It's fair to say that David and Solomon, the kings responsible for the original construction of the Temple, centralizing political and religious life in Jerusalem, were sexy, attractive men, wealthy and successful and strong. They built structures worth celebrating. Ezra & Nehemiah are restorers, recoverers of what was lost. And they restore not on their own terms, but proceeding from the magnanimity of Cyrus the Great, the only other person (and a Gentile at that!) besides Jesus Christ himself who is called in Scripture Messiah (Isaiah 44:24; 45:1-6).
In an increasingly secularizing world with millions of refugees the world over, and increasingly diverse migrant communities inhabiting the many cities of the world, I believe Ezra and Nehemiah should interest us more. They are a biblical record of a time not unlike our own. They give witness to faith in the midst of flux, hope in the middle of rubble, new life between the shadows of first life and resurrected life.

The books are written mostly in Hebrew, but also in Aramaic. This illustrates the changing linguistic situation in the era (circa 450 to 400 BCE). 

Politics were also in flux. The Babylonians took people into captivity when they over ran them. The Persians had a different practice, allowing exiles to return home and rebuild, even allowing them to reconstruct their religious and political institutions. This was a wonderfully ecumenical practice, but it did meet resistance in the locales where exiles returned. Imagine if the land on which you lived were suddenly restored to the people you had displaced. It might be the right thing to do, but it wouldn't be popular, and you wouldn't want to move.

Ezra and Nehemiah succeeded, under the protection of King Darius and King Artaxarxes, in rebuilding the temple, what historically is termed the Second Temple. Some form of this temple remained in place until the siege of Jerusalem and destruction of the temple in 70 AD.

Jesus spoke of the temple, and Christian theology has often emphasized that Jesus Christ in his body lived out the temple narrative. His temple was destroyed, and rebuilt in three days (John 2:19). The most direct way to describe a Christian understanding of temple is to say that what was then centered in an actual temple in Jerusalem has shifted to the body of Jesus Christ, present in and among his people throughout the world. Similarly Torah observance, centered in Jerusalem, had already shifted in the exilic period to synagogues, so wherever a minion gathered around Scripture, there was Torah observance. The Christian faith with integrity continued this practice, so that Christianity no longer has a geographical "center" per se but is instead wherever the people of God gather and the word is proclaimed and the sacraments administered.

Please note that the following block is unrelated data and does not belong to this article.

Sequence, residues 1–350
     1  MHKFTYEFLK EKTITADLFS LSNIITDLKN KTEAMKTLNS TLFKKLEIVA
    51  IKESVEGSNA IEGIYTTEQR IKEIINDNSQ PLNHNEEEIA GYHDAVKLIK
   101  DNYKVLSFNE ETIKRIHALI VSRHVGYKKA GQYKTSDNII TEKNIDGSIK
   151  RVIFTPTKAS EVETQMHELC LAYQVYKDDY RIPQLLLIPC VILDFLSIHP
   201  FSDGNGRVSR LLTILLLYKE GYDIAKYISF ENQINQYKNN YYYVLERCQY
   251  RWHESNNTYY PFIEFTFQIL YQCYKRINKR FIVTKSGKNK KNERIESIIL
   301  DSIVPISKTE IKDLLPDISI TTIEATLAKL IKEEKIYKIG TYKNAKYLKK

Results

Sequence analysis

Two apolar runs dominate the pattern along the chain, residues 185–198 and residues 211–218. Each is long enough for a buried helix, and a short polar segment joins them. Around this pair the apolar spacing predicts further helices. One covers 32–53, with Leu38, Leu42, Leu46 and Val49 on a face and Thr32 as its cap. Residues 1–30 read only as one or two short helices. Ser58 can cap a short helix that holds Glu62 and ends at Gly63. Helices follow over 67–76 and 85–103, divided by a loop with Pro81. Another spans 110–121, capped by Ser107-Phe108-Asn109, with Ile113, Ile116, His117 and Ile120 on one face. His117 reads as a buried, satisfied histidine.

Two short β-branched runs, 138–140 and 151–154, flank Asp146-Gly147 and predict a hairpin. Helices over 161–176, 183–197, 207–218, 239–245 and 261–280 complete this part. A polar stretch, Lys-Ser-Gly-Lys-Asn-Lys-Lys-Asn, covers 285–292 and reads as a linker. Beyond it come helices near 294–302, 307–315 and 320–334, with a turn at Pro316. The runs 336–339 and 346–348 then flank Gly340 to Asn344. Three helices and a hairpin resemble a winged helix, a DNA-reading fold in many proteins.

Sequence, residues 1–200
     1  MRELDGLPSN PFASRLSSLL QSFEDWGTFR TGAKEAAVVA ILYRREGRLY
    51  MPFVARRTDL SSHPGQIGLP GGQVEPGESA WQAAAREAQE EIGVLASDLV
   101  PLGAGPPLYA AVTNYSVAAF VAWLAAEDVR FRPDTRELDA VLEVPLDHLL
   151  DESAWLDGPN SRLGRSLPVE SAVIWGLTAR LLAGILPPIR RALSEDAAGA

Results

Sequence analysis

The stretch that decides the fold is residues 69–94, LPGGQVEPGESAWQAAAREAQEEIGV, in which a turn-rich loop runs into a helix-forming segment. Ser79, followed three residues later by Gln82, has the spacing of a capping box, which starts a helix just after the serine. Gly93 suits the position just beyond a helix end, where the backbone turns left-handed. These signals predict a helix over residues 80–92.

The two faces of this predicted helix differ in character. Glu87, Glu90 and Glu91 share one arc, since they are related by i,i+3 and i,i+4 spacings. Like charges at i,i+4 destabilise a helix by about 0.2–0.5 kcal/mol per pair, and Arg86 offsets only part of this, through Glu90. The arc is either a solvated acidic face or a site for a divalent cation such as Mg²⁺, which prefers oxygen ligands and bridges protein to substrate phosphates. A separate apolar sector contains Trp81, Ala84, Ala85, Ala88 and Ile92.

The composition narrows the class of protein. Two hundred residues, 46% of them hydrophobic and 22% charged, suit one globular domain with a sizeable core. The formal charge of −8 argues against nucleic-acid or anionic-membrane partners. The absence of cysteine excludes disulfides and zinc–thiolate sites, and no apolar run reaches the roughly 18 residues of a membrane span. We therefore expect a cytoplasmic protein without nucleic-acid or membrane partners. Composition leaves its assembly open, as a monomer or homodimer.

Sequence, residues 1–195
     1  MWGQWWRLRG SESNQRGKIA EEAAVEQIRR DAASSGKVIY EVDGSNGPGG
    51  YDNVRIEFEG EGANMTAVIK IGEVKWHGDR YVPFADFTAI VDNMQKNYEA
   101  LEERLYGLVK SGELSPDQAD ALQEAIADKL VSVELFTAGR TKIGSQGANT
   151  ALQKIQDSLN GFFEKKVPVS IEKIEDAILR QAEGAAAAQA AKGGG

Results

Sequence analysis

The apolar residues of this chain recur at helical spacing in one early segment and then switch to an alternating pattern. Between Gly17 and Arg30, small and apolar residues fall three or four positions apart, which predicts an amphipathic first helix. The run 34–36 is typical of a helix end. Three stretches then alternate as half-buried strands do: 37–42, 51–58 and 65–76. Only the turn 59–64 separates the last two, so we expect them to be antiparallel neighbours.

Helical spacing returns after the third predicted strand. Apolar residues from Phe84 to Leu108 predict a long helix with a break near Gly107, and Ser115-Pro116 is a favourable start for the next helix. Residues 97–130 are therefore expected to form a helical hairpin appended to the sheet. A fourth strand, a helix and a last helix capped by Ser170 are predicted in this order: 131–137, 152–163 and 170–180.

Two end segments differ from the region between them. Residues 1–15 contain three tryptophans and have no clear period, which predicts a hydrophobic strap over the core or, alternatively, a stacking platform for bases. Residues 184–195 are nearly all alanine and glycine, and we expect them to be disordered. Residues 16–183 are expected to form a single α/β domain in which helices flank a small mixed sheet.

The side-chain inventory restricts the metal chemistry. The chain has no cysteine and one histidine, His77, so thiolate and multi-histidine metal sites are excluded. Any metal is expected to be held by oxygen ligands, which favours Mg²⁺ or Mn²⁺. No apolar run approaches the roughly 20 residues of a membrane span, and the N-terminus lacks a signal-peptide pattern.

We live today as a church in anxious times. We wonder if we are headed into exile in our own places, in our own culture and era. The church has declined in many places where it once was established. It has not been taken forcefully into exile in the painful military manner of the Babylonian captivity, but it has suffered loss, and seems to be in a long slow decline, which some perceive as a direct attack.

We wonder what it means to rebuild. The church, whether it is re-rooting in communities it had once abandoned, or is seeking to maintain a remnant in places abandoned by empire, can learn much from the experience of Ezra and Nehemiah, even if the particulars of their cultic and political restoration are decidedly different from those today.

In particular, we can wrestle with the portion of Nehemiah that makes most contemporary readers uncomfortable. Nehemiah emphasizes the purity of Israel, the building up of walls to protect Jerusalem, and the purification (including putting an end to intermarriage and more), because he knew in a foreign land, the only way to maintain the identity of this people was through walls.

Christians yet today wrestle with this. Some come to the conclusion that "walls do make Christians." I think here of that famous work of Stanley Hauerwas and Will Willimon, Resident Aliens, and really any argument (of which there are many) that Christians are to be, in some form or another, a peculiar people.

The only way to make yourself peculiar is to have proper boundaries. Even if the boundaries are intentionally porous, the boundaries still matter.

Self-differentiation is, for Ezra and Nehemiah, a holy practice for a holy people. It's the only way to restore.

So we ask ourselves today, in the many forms of secularity we inhabit (and that inhabit us): What can we learn about secularity and a global refugee crisis, what we can we learn about a world of migrants and people on the way, from the restoration of the temple and Torah in Jerusalem under the leadership of Ezra and Nehemiah?

Even more importantly, what is it about this story of Ezra and Nehemiah that makes us avoid it? Why won't we stare it down, but instead mostly avert our eyes and look away? Is it an indication of how stuck we are in our current faithful engagement with secularity that we are unwilling to give these books the attention they deserve?

Another way of saying it might be, to be radical: Does neoliberalism have such a strangle hold on us that we are blind to portions of Scripture most essential to us today?